The rainscreen system in Figure 2 shows much of the same function, and offers:
- lightweight cladding with optimal movement capabilities;
- thinner overall wall section;
- low maintenance since joints do not need to be repointed with mortar or re-caulked with sealant;
- all-season installation since water is not involved in the construction process;
- eliminates shelf angles;
- need not be installed from bottom up; and
- allows abundant airflow in the wall cavity.
Depending on the cladding material and system selected, moisture through cladding joints can be moderated by the design and profile of the openings or gasketed connections. Moisture, air/vapor, and thermal loads are then addressed predominantly by the control layers on the backup wall.
A conceptual advantage to open-joint systems, or cavity walls with a significant amount of weep vents, is a possible reduction of negative pressures across the veneer pulling air and moisture into the wall cavity. This ‘pressure-equalization’ effect is the subject of considerable debate and is dependent on many variables, such as geography, exposure, air space volume, calculated number of intentional openings in the veneer, airtightness of the backup wall, and proper execution of wall air space compartments. It takes a high level of detailing, installation, and testing as well as funds to achieve true pressure equalization across a veneer. In fact, with larger air volumes in modern cavity wall design, it is rare. However, the good news is a well-drained and back-ventilated rainscreen wall system is often a default outcome. To deter horizontal airflow and increase vertical airflow in the wall cavity, some designs call for isolation of cavity space by volume. The most effective method to achieve this is by using vertical stainless steel closure strips fastened to the backup wall and extending into a vertical veneer movement joint. Depending on project goals, this can occur at outside corners only and/or approximately 7 m (24-ft) on center (o.c.). Other compartmentalization details such as doubling up insulation or using vertical foam rods to seal air space compartments are generally ineffective in the field because of acceptable air space variance, concerns associated with tight installations of closure pieces pushing on bricks laid in wet mortar, and material movement during the building service life.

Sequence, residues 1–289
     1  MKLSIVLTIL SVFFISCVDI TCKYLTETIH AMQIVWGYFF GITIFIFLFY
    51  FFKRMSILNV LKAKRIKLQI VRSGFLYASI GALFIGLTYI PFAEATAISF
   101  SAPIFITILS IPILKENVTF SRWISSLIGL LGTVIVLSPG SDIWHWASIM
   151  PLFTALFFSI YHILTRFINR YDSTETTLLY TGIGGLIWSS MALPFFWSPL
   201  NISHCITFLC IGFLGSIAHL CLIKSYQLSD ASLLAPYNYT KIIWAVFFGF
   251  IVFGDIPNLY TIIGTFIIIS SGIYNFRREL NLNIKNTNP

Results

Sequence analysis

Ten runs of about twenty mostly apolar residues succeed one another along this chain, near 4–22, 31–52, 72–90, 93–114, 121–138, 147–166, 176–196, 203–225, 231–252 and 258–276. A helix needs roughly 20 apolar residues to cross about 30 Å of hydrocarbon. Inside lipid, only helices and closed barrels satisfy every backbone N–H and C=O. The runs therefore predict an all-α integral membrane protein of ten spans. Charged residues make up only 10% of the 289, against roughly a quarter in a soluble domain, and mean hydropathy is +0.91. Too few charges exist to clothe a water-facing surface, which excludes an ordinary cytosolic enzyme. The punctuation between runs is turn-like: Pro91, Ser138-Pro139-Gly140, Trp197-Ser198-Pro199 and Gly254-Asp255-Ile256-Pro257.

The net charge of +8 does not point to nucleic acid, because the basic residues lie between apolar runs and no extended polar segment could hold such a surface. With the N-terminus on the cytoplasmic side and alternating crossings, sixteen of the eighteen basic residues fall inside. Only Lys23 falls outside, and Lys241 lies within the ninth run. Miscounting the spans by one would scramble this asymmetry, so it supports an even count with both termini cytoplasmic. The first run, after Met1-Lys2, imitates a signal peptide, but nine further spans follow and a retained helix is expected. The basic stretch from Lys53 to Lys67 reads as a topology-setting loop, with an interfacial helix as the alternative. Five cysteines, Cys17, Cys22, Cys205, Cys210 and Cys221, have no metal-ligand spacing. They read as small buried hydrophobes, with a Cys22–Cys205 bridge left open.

System thinking for materials and delivery, design, and construction
“No single component or material has the capability to provide a complete air barrier system for a building” – Air Barrier Association of America (ABAA).
Since air and vapor tend to move from high pressure to low, high humidity to low, and high temperature to low, the entire enclosure needs to work as a system rather than a collection of materials. A change in one component will have a ripple effect throughout the system and must be examined for unintended consequences.
Coordination between materials and the trades installing them is critical. Problems in the building enclosure tend to occur at the interface between dissimilar materials or functions. Responsibility for performance at the interface conditions is difficult to assess. A single trade performing most of the enclosure can help with construction sequencing, installation, and performance.
The performance of the enclosure is dependent on skilled craftworkers providing the installation (IMI and International Masonry Training and Education Foundation [IMTEF] work through a network of more than 60 training centers in the United States. Certification programs, craftworker upgrades, and a variety of educational opportunities train tradespersons in current building science and materials, including the ABAA certification and the IMI Rainscreen Certificate program).
The cladding attachment system must carry the dead load of the rainscreen veneer, provide lateral resistance and load transfer, and hold the individual units in place, while allowing for enough flexibility in the system for small amounts of installation tolerances for good aesthetics. One of the key aspects of rainscreen cladding sub-frame installation is coordination between the water/air control layers and how the cladding attachment penetrations are installed to maintain continuity. This topic deserves a pre-installation meeting in the jobsite trailer and testing on the mockup and in the field for verification. These systems may look familiar to designers and builders with some experience in stone cladding. The principles are similar, and so is the installation. A cladding manufacturer may have proprietary details for the track and channel system. They may provide the hardware with the cladding and include engineering services and shop drawings.
Other vendors may provide the cladding material only. In this case, the installation contractor can choose to work with outside vendors to provide a solution.
Another solution is for the installer to work with an engineer to design the support and attachment system and have it manufactured.